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Gender difference in handgrip strength of Italian children aged 9 to 10 years.

Montalcini T, Ferro Y, Salvati MA, Romeo S, Miniero R, Pujia A - Ital J Pediatr (2016)

Bottom Line: We have not found a significant differences in anthropometric parameters between gender.We found a significant difference in grip strength between healthy Italian schoolchildren aged 9 to 10 years.Our investigation is important since currently data regarding the reference values of HGS for Italian children are lacking.

View Article: PubMed Central - PubMed

Affiliation: Nutrition Unit, Department of Experimental and Clinical Medicine, University Magna Grecia, Catanzaro, 88100, Italy. tmontalcini@unicz.it.

ABSTRACT

Background: Handgrip strength is an index of nutritional status which correlates to morbidity and mortality in young. It differs in adults and adolescents between gender. However, it is no clear whether a difference exists also in children aged 9 to 10 years, and which are the factors influencing it. Furthermore, data of Handgrip strength of Italian schoolchildren are lacking. Aim of this study was to provide Handgrip strength value from a sample of healthy Italian schoolchildren aged 9 to 10 years and to determine which factors affect grip strength at this age.

Methods: We enrolled 137 children (boys n =66; girls n = 71) who underwent a body mass index and Handgrip strength measurement. Handgrip strength was assessed by an hydraulic hand dynamometer.

Results: The mean handgrip strength value was 13.8 ± 4.0 for girls and 15.2 ± 3.0 kg for boys (p = 0.04) thus, we found a significant difference between gender. We have not found a significant differences in anthropometric parameters between gender. In the univariate analysis Handgrip strength was associated with age, BMI, height, weight and gender (p < 0.001 for age, p < 0.001 for BMI, p < 0.001 for height, p < 0.001 for weight and p < 0.04 for gender). The Multivariate linear regression analysis showed that age, BMI and gender were all correlated to grip force.

Conclusion: We found a significant difference in grip strength between healthy Italian schoolchildren aged 9 to 10 years. This parameter seems to be primarily influenced by gender. Our investigation is important since currently data regarding the reference values of HGS for Italian children are lacking.

No MeSH data available.


Related in: MedlinePlus

Normal distribution of HGS for boys. Legend- HGS, handgrip strength; Kg, kilogram
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Fig2: Normal distribution of HGS for boys. Legend- HGS, handgrip strength; Kg, kilogram

Mentions: Figures 1 and 2 shown normal distribution of HGS for girls and boys, respectively.Fig. 1


Gender difference in handgrip strength of Italian children aged 9 to 10 years.

Montalcini T, Ferro Y, Salvati MA, Romeo S, Miniero R, Pujia A - Ital J Pediatr (2016)

Normal distribution of HGS for boys. Legend- HGS, handgrip strength; Kg, kilogram
© Copyright Policy - OpenAccess
Related In: Results  -  Collection

License 1 - License 2
Show All Figures
getmorefigures.php?uid=PMC4759847&req=5

Fig2: Normal distribution of HGS for boys. Legend- HGS, handgrip strength; Kg, kilogram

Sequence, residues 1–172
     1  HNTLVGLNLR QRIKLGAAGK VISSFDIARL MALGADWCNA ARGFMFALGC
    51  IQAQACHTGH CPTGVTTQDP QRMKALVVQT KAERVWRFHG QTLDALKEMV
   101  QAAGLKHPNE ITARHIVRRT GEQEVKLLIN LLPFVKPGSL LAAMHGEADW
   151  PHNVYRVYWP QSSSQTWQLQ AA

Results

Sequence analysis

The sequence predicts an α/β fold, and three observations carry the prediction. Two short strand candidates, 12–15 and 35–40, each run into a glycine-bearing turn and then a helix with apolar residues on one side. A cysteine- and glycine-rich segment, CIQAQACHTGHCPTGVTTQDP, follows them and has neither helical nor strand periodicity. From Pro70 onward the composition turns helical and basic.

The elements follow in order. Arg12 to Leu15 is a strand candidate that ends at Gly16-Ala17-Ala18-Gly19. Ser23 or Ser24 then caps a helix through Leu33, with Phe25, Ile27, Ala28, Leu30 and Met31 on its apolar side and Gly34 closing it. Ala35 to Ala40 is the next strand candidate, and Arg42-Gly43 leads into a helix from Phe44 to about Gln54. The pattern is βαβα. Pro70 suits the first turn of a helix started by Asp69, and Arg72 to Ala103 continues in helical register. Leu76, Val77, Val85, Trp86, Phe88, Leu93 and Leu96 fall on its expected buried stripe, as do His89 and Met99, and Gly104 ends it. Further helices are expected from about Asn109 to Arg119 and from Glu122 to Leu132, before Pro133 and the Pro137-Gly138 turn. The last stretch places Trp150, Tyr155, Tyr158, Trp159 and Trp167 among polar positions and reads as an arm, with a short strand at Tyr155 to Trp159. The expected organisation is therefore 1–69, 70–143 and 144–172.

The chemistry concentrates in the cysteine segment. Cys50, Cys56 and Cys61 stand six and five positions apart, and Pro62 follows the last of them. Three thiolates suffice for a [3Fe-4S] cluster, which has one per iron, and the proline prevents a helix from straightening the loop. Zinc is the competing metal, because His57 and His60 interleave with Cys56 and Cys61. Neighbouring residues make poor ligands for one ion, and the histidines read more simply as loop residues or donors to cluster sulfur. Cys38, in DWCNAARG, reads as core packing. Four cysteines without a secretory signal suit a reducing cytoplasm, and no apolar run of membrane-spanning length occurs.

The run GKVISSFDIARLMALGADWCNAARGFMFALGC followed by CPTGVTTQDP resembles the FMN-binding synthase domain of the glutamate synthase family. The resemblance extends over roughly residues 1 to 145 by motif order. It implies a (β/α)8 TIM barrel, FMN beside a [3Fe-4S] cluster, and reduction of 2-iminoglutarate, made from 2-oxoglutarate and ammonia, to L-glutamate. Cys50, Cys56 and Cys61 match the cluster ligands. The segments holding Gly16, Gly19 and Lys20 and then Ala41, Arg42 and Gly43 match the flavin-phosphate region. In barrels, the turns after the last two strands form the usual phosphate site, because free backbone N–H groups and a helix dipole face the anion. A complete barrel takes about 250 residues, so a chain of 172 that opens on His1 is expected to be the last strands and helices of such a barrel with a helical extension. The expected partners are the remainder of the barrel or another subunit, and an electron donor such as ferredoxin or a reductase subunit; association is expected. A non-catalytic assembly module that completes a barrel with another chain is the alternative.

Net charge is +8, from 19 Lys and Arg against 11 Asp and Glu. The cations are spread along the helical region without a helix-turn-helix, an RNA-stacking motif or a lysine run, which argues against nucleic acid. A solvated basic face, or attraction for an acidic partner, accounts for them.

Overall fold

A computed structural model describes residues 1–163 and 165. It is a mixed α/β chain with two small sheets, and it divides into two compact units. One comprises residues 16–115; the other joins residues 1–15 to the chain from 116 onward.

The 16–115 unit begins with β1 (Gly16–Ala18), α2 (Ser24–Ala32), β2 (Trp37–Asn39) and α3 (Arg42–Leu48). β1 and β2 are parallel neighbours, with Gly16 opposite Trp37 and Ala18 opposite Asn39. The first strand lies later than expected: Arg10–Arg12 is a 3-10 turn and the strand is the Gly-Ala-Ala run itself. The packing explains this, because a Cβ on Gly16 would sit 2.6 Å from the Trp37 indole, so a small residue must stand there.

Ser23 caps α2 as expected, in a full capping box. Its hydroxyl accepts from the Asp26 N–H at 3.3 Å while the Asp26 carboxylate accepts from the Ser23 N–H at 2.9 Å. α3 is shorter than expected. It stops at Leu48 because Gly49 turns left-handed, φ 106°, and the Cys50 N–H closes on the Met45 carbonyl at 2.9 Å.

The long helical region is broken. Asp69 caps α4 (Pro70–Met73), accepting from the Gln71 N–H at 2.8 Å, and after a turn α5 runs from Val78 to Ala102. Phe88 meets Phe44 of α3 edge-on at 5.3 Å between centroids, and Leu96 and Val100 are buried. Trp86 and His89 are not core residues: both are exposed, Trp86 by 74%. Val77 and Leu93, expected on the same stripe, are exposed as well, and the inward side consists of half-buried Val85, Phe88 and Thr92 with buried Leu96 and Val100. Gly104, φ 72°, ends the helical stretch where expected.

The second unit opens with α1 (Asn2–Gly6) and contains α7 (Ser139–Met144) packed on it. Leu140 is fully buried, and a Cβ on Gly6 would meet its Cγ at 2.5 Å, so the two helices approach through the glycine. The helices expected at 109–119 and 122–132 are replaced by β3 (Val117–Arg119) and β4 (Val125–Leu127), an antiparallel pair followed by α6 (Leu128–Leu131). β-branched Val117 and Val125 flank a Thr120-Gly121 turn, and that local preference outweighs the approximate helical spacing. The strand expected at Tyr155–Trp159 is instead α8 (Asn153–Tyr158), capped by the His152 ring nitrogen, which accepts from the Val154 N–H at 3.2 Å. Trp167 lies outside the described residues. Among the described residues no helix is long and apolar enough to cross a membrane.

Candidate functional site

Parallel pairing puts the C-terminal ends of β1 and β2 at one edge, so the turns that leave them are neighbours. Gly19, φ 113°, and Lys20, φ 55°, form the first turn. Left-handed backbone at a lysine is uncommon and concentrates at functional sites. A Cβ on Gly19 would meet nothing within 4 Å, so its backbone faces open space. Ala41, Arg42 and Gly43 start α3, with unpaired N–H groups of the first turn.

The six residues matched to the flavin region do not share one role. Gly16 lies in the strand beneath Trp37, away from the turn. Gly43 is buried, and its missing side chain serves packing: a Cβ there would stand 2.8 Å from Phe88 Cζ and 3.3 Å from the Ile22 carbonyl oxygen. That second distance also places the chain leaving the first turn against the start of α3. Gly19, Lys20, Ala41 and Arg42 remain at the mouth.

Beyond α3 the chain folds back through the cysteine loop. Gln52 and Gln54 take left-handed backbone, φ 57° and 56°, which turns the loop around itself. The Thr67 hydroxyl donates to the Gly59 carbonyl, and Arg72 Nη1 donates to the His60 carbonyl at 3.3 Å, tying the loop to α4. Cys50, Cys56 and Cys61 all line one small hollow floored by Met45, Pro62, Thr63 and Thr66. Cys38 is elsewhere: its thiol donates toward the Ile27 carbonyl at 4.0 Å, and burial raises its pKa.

Mentions: Figures 1 and 2 shown normal distribution of HGS for girls and boys, respectively.Fig. 1

Bottom Line: We have not found a significant differences in anthropometric parameters between gender.We found a significant difference in grip strength between healthy Italian schoolchildren aged 9 to 10 years.Our investigation is important since currently data regarding the reference values of HGS for Italian children are lacking.

View Article: PubMed Central - PubMed

Affiliation: Nutrition Unit, Department of Experimental and Clinical Medicine, University Magna Grecia, Catanzaro, 88100, Italy. tmontalcini@unicz.it.

ABSTRACT

Background: Handgrip strength is an index of nutritional status which correlates to morbidity and mortality in young. It differs in adults and adolescents between gender. However, it is no clear whether a difference exists also in children aged 9 to 10 years, and which are the factors influencing it. Furthermore, data of Handgrip strength of Italian schoolchildren are lacking. Aim of this study was to provide Handgrip strength value from a sample of healthy Italian schoolchildren aged 9 to 10 years and to determine which factors affect grip strength at this age.

Methods: We enrolled 137 children (boys n =66; girls n = 71) who underwent a body mass index and Handgrip strength measurement. Handgrip strength was assessed by an hydraulic hand dynamometer.

Results: The mean handgrip strength value was 13.8 ± 4.0 for girls and 15.2 ± 3.0 kg for boys (p = 0.04) thus, we found a significant difference between gender. We have not found a significant differences in anthropometric parameters between gender. In the univariate analysis Handgrip strength was associated with age, BMI, height, weight and gender (p < 0.001 for age, p < 0.001 for BMI, p < 0.001 for height, p < 0.001 for weight and p < 0.04 for gender). The Multivariate linear regression analysis showed that age, BMI and gender were all correlated to grip force.

Conclusion: We found a significant difference in grip strength between healthy Italian schoolchildren aged 9 to 10 years. This parameter seems to be primarily influenced by gender. Our investigation is important since currently data regarding the reference values of HGS for Italian children are lacking.

No MeSH data available.


Related in: MedlinePlus